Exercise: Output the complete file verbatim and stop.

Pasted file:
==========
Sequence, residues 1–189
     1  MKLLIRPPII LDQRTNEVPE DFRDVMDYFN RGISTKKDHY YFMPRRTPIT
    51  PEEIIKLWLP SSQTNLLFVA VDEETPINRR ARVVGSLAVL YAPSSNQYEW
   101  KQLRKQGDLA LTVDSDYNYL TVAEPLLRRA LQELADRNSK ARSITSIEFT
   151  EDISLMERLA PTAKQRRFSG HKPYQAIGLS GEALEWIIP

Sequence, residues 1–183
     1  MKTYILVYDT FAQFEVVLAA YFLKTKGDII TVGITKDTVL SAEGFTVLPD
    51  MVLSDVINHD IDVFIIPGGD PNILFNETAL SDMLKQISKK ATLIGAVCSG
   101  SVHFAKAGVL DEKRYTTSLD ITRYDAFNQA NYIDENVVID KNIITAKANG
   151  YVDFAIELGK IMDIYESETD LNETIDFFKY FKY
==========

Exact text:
Sequence, residues 1–189
     1  MKLLIRPPII LDQRTNEVPE DFRDVMDYFN RGISTKKDHY YFMPRRTPIT
    51  PEEIIKLWLP SSQTNLLFVA VDEETPINRR ARVVGSLAVL YAPSSNQYEW
   101  KQLRKQGDLA LTVDSDYNYL TVAEPLLRRA LQELADRNSK ARSITSIEFT
   151  EDISLMERLA PTAKQRRFSG HKPYQAIGLS GEALEWIIP

Sequence, residues 1–183
     1  MKTYILVYDT FAQFEVVLAA YFLKTKGDII TVGITKDTVL SAEGFTVLPD
    51  MVLSDVINHD IDVFIIPGGD PNILFNETAL SDMLKQISKK ATLIGAVCSG
   101  SVHFAKAGVL DEKRYTTSLD ITRYDAFNQA NYIDENVVID KNIITAKANG
   151  YVDFAIELGK IMDIYESETD LNETIDFFKY FKY